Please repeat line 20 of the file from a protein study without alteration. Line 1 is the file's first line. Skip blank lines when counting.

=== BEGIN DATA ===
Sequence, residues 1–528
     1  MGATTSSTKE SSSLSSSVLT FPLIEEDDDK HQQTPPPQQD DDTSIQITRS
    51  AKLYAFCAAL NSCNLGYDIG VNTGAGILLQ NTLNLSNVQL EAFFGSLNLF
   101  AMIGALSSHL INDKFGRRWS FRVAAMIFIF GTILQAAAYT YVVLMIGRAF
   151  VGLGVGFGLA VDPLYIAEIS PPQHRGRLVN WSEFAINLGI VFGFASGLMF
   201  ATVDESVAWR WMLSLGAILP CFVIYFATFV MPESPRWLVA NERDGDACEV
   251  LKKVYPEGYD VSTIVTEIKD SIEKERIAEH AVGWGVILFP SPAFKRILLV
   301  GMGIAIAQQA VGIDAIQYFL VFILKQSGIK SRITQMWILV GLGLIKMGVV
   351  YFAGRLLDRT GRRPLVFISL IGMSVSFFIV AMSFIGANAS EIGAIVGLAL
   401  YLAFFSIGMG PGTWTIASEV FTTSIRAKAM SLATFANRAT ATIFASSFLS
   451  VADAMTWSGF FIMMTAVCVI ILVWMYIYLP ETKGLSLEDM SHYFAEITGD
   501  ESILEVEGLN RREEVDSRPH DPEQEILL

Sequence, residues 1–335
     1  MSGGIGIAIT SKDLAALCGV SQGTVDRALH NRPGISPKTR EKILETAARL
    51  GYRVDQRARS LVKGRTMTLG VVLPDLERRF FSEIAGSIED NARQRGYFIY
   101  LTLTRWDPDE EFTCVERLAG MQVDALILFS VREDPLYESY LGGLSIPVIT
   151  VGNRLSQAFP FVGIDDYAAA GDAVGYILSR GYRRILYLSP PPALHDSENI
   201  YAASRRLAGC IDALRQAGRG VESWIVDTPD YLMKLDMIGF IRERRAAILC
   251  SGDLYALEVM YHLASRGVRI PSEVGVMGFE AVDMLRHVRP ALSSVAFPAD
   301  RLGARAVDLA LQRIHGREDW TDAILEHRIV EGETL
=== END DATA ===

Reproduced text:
   301  RLGARAVDLA LQRIHGREDW TDAILEHRIV EGETL